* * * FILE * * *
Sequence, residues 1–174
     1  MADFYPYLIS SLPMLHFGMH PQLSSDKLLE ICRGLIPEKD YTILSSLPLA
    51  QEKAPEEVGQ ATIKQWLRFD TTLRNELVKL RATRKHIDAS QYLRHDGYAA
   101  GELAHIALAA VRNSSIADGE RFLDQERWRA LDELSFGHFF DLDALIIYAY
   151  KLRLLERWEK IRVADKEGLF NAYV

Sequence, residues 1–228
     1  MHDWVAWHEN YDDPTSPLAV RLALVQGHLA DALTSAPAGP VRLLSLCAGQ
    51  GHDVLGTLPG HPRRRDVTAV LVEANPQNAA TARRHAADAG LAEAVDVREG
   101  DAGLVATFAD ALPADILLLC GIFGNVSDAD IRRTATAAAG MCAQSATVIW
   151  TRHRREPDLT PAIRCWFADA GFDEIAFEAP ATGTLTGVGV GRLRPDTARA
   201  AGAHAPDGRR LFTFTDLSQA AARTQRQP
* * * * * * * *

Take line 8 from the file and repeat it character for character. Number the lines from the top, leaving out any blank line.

    51  GHDVLGTLPG HPRRRDVTAV LVEANPQNAA TARRHAADAG LAEAVDVREG